Sue in Ajax has seen enough home improvement TV shows to completely confuse her. When changing the siding and adding ridged foam insulation, should the house wrap go on first or last? She has seen it done both ways on TV.
The answer is Yes! That's right, both ways work fine.
The job of the house wrap is to block air movement through the wall, while not creating a vapour barrier. So the air barrier can be anywhere at all in the wall. It could even be behind the drywall if you want, but that would be very difficult to deal with the area behind partition walls and between floor/ceilings. Wrapped around the outside of the house, it covers everything. Sue is right that if you put it on first, you will get more nail holes in it. If you put it on last, it is more subject to damage and wind pressure. Many builders put it on over the insulation and hold it in place with 1x3 strapping, that then holds the new siding.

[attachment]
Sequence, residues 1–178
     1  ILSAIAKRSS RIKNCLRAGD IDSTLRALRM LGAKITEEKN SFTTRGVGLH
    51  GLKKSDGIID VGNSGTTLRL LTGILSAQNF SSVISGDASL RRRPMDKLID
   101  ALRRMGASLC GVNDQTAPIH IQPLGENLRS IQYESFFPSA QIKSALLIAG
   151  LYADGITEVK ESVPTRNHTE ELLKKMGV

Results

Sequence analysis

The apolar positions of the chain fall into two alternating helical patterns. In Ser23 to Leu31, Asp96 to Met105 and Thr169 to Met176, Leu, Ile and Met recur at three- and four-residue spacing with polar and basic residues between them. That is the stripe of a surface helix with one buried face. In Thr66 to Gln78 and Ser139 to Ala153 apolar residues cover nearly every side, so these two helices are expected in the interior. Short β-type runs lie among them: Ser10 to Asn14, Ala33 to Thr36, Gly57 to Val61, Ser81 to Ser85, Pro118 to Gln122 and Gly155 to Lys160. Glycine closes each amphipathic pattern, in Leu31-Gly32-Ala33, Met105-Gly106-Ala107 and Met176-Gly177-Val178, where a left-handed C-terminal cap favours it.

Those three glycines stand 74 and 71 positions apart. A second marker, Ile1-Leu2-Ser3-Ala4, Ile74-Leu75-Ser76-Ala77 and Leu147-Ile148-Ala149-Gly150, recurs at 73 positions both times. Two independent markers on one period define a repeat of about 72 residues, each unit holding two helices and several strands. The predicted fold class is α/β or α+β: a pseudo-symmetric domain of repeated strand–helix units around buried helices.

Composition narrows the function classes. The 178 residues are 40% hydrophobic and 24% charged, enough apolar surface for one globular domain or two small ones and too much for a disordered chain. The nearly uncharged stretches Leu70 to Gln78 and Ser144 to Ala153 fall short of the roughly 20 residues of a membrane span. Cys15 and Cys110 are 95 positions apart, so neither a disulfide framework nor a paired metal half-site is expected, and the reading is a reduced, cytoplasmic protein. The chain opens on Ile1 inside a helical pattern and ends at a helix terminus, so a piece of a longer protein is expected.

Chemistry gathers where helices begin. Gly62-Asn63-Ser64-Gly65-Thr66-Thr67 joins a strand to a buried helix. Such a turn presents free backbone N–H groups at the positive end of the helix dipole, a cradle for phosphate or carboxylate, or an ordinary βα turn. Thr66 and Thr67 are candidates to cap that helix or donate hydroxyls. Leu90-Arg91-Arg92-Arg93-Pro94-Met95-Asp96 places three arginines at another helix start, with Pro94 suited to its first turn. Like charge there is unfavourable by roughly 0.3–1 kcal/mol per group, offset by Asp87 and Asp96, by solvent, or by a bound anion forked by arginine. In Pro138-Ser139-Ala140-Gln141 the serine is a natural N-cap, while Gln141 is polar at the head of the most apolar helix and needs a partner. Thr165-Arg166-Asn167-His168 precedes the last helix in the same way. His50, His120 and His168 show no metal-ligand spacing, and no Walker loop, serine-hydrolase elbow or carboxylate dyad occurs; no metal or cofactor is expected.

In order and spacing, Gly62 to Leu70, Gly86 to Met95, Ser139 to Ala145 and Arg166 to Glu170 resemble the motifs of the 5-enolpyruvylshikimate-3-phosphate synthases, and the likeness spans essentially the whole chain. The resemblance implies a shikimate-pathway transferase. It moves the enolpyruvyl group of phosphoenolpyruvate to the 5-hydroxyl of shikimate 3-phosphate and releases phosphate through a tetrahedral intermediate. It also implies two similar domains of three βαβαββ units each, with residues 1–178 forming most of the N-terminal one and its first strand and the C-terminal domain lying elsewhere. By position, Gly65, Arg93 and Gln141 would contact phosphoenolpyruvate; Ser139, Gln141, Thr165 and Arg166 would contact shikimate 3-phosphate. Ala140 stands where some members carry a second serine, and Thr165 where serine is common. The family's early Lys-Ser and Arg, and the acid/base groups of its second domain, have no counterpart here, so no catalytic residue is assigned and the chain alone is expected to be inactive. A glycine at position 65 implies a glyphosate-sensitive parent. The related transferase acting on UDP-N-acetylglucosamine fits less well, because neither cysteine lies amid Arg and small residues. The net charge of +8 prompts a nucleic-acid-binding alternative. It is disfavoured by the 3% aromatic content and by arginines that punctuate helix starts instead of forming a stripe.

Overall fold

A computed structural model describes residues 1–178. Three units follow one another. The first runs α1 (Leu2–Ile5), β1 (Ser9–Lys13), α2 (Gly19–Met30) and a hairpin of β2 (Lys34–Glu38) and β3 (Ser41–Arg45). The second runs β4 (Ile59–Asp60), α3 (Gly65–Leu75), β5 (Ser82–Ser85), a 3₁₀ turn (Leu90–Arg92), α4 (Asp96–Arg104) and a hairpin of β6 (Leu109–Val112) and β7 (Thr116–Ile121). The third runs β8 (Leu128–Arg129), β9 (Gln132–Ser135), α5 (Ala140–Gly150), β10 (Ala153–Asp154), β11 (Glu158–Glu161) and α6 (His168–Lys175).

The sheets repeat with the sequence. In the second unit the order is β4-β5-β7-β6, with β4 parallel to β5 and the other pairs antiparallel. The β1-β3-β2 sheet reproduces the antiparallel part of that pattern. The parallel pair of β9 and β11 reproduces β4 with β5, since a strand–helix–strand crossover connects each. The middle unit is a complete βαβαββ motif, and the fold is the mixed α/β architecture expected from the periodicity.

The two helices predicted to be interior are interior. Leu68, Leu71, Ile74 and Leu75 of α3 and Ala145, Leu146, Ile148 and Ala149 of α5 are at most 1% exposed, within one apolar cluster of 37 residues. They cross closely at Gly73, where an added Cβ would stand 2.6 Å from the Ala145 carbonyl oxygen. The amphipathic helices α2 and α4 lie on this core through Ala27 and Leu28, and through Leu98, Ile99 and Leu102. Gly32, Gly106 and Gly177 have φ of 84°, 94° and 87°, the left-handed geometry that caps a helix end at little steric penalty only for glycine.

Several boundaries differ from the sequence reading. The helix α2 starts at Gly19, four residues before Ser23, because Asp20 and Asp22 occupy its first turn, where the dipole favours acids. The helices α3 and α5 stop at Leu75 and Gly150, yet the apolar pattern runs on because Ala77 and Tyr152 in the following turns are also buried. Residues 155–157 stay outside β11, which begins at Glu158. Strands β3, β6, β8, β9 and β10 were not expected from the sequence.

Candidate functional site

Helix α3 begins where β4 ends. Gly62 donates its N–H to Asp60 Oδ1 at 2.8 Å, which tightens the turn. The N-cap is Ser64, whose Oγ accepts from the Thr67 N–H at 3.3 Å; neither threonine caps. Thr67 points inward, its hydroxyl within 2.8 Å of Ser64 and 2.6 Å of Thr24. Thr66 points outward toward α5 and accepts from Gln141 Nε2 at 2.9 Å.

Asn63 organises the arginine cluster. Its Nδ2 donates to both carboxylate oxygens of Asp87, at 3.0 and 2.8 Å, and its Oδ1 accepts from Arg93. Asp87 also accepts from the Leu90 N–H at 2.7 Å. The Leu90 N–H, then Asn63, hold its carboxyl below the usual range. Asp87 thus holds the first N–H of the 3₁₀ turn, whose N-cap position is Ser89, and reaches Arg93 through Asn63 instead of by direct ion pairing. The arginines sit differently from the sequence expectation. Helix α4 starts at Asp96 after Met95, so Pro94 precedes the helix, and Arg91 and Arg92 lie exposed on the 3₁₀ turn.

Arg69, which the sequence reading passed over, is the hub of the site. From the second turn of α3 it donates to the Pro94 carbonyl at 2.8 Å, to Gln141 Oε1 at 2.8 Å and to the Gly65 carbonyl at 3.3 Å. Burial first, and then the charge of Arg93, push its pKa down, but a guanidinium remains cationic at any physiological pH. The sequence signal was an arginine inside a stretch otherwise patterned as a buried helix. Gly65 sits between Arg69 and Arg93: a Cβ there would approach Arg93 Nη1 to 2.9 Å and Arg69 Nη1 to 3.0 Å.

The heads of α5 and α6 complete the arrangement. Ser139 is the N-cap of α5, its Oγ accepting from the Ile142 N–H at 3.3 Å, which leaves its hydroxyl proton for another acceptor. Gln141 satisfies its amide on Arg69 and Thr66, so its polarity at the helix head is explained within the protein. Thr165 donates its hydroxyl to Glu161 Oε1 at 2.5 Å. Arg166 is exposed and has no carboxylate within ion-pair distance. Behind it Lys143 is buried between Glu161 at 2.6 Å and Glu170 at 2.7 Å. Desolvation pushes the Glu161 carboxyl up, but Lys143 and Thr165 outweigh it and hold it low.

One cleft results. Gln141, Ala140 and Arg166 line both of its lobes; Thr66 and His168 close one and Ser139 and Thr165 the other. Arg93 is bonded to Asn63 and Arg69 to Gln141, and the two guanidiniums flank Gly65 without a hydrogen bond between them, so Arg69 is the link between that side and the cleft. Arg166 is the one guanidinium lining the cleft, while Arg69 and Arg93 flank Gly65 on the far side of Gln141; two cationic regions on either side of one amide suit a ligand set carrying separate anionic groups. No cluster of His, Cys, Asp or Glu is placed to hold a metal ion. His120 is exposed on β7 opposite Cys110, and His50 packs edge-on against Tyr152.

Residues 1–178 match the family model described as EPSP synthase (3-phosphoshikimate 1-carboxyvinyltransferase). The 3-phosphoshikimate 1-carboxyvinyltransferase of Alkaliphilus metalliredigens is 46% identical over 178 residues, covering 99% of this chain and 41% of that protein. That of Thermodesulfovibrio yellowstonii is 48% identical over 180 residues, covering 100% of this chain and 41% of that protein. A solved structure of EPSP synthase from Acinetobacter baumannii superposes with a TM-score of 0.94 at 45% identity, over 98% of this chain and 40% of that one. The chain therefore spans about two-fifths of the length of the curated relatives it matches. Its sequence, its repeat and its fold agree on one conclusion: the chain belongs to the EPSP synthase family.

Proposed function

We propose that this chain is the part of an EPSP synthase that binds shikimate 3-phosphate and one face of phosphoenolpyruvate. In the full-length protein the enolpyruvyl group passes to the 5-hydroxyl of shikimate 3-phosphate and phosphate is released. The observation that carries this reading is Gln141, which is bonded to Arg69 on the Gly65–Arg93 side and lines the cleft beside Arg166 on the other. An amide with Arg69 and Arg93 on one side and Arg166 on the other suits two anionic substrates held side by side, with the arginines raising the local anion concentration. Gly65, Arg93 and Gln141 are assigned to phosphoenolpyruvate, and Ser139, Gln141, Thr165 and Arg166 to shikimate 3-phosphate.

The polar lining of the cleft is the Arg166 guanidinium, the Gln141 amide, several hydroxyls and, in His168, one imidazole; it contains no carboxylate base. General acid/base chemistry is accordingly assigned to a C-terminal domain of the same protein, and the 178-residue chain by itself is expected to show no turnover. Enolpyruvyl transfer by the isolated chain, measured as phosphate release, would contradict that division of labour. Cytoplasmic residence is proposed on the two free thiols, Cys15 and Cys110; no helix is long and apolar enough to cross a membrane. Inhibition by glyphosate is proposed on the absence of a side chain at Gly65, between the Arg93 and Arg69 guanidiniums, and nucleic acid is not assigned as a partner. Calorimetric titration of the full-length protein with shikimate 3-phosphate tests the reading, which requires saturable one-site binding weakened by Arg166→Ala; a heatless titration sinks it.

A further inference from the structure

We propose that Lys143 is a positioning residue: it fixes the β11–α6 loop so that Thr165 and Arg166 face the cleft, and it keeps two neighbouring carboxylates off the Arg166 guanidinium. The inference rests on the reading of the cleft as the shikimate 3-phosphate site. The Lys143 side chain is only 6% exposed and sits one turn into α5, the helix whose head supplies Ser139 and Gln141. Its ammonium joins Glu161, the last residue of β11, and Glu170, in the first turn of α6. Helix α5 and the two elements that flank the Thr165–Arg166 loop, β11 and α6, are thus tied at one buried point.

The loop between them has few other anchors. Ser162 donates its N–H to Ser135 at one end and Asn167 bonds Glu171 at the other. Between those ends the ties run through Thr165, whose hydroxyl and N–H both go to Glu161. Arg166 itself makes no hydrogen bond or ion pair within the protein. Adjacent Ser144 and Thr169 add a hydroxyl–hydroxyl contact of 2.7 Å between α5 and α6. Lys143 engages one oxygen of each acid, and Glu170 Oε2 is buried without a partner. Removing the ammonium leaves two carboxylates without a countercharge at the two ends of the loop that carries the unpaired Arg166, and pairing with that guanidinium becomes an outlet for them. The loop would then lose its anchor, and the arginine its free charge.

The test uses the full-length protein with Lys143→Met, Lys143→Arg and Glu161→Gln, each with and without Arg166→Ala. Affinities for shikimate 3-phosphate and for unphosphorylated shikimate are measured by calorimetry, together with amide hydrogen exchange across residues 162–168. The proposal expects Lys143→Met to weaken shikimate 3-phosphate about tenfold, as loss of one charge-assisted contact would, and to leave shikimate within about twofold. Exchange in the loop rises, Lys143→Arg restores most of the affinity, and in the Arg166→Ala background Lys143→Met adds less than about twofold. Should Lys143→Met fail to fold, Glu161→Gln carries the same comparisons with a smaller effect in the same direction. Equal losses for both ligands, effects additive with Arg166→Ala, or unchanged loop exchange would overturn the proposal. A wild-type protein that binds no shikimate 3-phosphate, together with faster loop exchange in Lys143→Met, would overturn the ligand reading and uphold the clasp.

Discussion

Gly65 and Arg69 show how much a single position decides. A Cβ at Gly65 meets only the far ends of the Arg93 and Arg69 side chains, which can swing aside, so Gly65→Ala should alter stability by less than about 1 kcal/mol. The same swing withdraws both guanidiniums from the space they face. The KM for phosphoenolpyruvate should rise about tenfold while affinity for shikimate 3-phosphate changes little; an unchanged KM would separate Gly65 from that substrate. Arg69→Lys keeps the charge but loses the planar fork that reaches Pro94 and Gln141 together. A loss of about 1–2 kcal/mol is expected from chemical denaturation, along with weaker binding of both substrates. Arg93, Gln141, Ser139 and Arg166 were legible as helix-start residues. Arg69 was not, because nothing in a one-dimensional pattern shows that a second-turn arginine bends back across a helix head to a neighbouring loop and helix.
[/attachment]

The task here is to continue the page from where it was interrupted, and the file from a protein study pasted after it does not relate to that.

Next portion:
One interesting note: If you use the Canadian product from Dow called CladMate, it is classified as an air barrier itself. This particular foam is not a vapour barrier, the joints seal against each other and all you have to do is to tape shut any cut openings, like corners and windows and doors. Then you can leave the house wrap out all together.